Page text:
International Open Access Week 2018
The International Open Access Week will be celebrated this year from Oct. 22 to 28. Open access is the free and immediate availability of peer-reviewed research articles published online for anyone interested in reading the same. The theme for this year is “Designing Equitable Foundations for Open Knowledge.”
Research Should Be Open
Research is carried out for the betterment of mankind and society. The main purpose of research funding is to advance human knowledge and improve the quality of life. A major portion of the money utilized for research is obtained from federal governments. The government, in turn, receives its money from taxpayers. However, the money earned through this process is for the sole benefit of the publication house that publishes the research. Researchers who contribute to the work and put together the research publication do not receive any monetary gains. Although most of the research carried out is for the good of the people, it is not available to them for free. They still have to pay an exorbitant fee to the publishers to gain access to the research that they have already paid for in the first place.
Therefore, the general consensus is that research should be made available to all interested stakeholders for free.
Challenges Facing Open Access
There are several challenges facing open access. Some of these include predatory publishing, the often high article processing charges that authors needs to pay, the quality of work published, etc. Article processing charges typically range from $1,000 to $3,500. Authors may sometimes find it difficult to pay these hefty charges especially if the charges for open access publishing are not included in the funds received by them. Predatory publishers are fake publishers who publish absolutely any kind of ‘research’ for a nominal price. They provide no editorial review, peer review, or publishing services. This affects the quality of work published in these journals.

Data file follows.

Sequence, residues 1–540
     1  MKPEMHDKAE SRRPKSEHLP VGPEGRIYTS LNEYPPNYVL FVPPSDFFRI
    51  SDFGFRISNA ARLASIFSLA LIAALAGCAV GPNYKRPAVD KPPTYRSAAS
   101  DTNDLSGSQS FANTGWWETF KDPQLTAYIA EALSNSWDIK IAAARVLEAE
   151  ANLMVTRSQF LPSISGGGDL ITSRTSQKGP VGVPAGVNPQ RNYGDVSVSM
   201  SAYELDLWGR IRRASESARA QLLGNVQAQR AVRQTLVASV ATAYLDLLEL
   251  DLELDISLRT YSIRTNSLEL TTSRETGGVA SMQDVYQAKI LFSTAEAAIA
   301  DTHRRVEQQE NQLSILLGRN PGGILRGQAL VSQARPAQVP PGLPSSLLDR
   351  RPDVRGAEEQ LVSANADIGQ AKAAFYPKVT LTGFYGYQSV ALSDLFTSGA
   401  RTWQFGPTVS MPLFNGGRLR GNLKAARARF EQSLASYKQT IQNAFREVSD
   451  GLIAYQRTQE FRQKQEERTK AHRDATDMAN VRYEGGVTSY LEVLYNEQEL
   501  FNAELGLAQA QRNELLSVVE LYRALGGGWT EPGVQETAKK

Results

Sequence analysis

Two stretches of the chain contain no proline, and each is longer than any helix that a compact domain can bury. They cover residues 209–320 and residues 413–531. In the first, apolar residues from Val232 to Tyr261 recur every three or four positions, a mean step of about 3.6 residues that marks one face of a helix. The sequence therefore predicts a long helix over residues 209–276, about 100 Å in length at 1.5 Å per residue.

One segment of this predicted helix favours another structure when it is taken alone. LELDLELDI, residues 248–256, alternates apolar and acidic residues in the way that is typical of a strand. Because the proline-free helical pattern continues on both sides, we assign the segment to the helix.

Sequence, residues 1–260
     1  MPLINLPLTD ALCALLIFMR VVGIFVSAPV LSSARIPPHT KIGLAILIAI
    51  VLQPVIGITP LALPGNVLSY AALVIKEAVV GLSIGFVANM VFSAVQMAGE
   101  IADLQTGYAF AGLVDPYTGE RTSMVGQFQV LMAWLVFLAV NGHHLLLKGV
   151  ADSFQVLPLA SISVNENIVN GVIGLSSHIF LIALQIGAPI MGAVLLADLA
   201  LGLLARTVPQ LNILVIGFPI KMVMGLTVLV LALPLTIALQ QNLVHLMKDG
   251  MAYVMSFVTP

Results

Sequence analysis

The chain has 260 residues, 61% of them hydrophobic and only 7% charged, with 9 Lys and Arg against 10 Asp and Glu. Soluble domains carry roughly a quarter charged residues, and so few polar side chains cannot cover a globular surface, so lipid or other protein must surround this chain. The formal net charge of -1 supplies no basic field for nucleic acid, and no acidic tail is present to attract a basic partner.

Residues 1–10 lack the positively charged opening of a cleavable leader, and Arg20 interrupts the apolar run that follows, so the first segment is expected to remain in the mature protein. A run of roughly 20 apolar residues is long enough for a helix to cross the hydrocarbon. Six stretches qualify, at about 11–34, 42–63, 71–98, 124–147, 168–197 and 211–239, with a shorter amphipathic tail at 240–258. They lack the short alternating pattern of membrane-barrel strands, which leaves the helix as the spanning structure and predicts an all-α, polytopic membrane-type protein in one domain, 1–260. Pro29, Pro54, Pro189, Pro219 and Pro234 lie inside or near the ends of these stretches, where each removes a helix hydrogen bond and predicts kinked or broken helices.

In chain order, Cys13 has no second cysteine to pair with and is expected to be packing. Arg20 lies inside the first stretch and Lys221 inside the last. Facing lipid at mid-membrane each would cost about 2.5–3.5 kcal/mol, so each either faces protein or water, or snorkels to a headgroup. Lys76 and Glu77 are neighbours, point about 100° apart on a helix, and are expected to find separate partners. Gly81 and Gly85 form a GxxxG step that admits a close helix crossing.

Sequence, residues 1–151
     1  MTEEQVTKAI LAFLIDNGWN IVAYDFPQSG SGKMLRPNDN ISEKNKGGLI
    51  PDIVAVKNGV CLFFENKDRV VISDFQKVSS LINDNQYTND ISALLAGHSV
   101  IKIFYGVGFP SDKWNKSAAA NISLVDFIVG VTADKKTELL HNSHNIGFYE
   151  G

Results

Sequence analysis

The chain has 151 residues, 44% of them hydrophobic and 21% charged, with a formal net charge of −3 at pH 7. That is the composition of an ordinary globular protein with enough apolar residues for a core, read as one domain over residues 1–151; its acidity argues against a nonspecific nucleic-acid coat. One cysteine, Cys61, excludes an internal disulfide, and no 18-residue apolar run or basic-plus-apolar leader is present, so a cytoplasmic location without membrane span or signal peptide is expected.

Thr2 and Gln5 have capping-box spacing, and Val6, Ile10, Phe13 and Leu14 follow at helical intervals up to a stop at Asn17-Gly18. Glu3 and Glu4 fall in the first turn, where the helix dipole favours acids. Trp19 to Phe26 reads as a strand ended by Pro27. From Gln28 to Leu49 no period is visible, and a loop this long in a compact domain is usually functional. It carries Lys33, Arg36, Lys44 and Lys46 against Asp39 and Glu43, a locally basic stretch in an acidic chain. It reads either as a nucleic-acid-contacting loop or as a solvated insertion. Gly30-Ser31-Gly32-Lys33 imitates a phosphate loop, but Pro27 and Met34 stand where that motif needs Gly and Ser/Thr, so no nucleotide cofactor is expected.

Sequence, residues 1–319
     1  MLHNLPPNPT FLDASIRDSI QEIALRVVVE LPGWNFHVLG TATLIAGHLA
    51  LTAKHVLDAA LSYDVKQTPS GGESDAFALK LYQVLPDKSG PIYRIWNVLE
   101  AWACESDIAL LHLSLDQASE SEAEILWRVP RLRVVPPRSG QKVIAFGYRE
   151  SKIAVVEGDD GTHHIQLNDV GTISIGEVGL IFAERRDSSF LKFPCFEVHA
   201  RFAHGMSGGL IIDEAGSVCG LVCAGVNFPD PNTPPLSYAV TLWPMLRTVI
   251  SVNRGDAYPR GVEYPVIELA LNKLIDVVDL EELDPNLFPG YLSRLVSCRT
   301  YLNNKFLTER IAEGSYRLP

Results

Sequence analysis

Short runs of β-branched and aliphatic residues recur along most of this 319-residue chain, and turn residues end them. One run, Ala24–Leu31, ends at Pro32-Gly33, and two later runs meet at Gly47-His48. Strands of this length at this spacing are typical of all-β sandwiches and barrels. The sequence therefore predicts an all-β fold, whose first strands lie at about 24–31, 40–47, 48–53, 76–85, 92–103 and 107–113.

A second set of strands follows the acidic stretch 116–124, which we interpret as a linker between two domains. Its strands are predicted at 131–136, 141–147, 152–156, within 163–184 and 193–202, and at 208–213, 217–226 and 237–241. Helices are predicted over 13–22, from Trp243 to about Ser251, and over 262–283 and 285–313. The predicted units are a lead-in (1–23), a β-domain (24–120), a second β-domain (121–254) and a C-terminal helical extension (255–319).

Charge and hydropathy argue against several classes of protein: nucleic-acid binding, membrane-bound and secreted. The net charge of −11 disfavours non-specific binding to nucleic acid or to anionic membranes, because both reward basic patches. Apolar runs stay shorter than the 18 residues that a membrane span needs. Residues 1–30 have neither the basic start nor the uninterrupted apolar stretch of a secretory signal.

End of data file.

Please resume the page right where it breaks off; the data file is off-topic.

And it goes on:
You can read more about the challenges that open access faces here.
Open Access Journals, Repositories, and Organizations
Back in 2000, there was only one open access publisher available: BioMed Central. Presently, we have more than 10,000 open access publishers that are available. Some of biggest publishers are PLOS, Springer Open Choice, Wiley, Taylor and Francis, etc. However, there are also predatory publishers that plague this system. Authors must ensure that they do not fall prey to predatory publishing. There are several resources available to help ensure that your work does not get published in a predatory journal. Some useful resources to identify genuine open access journals include the following: Directory of Open Access Journals (DOAJ), Directory of Open Access Scholarly Resources (ROAD), Bielefeld Academic Search Engine (BASE), and Enago’s Open Access Journal Finder (OAJF).
Considering the fact that data are increasingly being shared by researchers, several journals now have data policies that require the deposition of research data in data repositories. Data repositories that can be used to deposit and provide free access to others include DRYAD, which was developed by the National Science Foundation to support the deposition of data underlying journal articles being published in ecology, evolution, and other life sciences; and Figshare, which enables researchers to upload data in a variety of formats.
Additionally, there are some notable organizations that advocate and provide an infrastructure for OA publishing. Some of these organizations include SPARC (Scholarly Publishing and Academic Resources Coalition), which originates from the North American research librarian community, and has been campaigning for authors’ rights over published material; Open Access Scholarly Publishers Association (OASPA), which represents the interests of OA publishers globally in scholarly disciplines; and Authors Alliance, which promotes authorship for the public good by assisting authors who wish to make their research freely accessible.
About Open Access Week 2018
Open Access Week is a global event that has been celebrated annually for the last 10 years. The last week of October is usually celebrated as the Open Access Week. It was initiated in the year 2008 on October 14, which was celebrated as Open Access Day. From 2009 onward, it became a week-long event. An official theme was established after the year 2012. The aim of celebrating Open Access Week is to create awareness, promote understanding, and help implement the open access movement. This year’s theme aims to explore the question of how open systems can be designed to ensure inclusion, equitability, and truly serve the needs of a diverse global community.
Numerous activities are planned to celebrate the Open Access Week. Some of these activities include workshops, seminars, conferences, and webinars. You might want to visit http://www.openaccessweek.org/events to get a list of events happening this year. You can also participate in the Open Access Week by signing up here.
Enago Academy has also organized a webinar to commemorate the celebration of the Open Access Week. Details of this webinar are available here.